## Summary

To create a formula with a dynamic sheet name you can use the INDIRECT function. In the example shown, the formula in C6 is:

``````=INDIRECT(B6&"!A1")
``````

Note: The point of INDIRECT here is to build a formula where the sheet name is a dynamic variable. For example, you could change a sheet name (perhaps with a drop down menu) and pull in information from different worksheet.

## Generic formula

``=INDIRECT(sheet_name&"!A1")``

## Explanation

The INDIRECT function tries to evaluate text as a worksheet reference. This makes it possible to build formulas that assemble a reference as text using concatenation, and use the resulting text as a valid reference.

In this example, we have Sheet names in column B, so we join the sheet name to the cell reference A1 using concatenation:

``````=INDIRECT(B6&"!A1")
``````

After concatenation, we have:

``````=INDIRECT("Sheet1!A1")
``````

INDIRECT recognizes this as a valid reference to cell A1 in Sheet1, and returns the value in A1, 100. In cell C7, the formula evaluates like this:

``````=INDIRECT(B7&"!A1")
=INDIRECT("Sheet2!A1")
=Sheet2!A1
=200
``````

And so on, for each formula in column C.

### Space and punctuation in sheet names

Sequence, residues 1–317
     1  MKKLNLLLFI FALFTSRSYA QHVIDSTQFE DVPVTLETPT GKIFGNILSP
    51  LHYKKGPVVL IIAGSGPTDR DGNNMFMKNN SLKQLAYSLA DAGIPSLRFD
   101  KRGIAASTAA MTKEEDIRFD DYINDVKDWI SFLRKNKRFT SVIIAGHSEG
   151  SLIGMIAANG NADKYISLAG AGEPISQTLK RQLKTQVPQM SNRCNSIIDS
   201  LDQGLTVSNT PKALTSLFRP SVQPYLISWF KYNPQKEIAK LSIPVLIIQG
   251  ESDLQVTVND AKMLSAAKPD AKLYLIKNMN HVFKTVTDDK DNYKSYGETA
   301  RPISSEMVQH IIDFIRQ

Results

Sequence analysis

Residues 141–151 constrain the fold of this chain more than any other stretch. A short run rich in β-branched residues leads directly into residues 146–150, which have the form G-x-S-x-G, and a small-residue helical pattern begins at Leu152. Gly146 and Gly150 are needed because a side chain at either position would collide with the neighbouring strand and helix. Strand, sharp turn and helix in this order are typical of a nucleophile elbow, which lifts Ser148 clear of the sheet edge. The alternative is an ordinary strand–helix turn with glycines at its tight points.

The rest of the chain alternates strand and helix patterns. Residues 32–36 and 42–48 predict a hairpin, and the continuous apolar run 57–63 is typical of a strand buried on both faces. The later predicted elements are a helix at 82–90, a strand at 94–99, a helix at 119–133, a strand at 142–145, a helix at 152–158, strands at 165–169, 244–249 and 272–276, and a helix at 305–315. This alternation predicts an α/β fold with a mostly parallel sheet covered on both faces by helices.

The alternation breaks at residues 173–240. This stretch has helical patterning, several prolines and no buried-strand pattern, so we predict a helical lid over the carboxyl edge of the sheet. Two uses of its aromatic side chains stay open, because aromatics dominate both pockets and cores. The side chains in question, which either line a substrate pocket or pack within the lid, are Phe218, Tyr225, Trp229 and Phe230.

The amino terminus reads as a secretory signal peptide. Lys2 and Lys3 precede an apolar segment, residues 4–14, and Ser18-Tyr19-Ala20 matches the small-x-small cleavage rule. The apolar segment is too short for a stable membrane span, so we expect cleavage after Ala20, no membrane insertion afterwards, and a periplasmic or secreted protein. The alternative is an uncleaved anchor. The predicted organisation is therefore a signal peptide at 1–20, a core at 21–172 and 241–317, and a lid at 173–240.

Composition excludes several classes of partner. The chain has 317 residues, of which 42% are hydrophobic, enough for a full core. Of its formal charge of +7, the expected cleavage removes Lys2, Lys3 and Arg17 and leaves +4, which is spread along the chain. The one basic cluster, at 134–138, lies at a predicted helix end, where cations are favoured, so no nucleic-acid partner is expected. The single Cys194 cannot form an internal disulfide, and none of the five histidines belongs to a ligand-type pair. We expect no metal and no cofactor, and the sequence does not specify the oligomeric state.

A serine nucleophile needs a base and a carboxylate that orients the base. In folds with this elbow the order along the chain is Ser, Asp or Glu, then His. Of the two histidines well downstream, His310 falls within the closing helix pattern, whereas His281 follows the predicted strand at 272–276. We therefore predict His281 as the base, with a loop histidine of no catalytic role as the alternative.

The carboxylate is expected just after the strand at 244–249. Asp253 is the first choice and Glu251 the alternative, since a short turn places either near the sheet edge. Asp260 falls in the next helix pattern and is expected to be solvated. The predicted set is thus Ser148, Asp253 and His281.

If sheet names contain spaces, or punctuation characters, you'll need to adjust the formula to wrap the sheet name in single quotes (') like this:

``````=INDIRECT("'"&sheet_name&"'!A1")
``````

where sheet_name is a reference that contains the sheet name. For the example on this page, the formula would be:

``````=INDIRECT("'"&B6&"'!A1")
``````

Note this requirement is not specific to the INDIRECT function. Any formula that refers to a sheet name with space or punctuation must enclose the sheet name in single quotes. Author ### Dave Bruns

Hi - I'm Dave Bruns, and I run Exceljet with my wife, Lisa. Our goal is to help you work faster in Excel. We create short videos, and clear examples of formulas, functions, pivot tables, conditional formatting, and charts.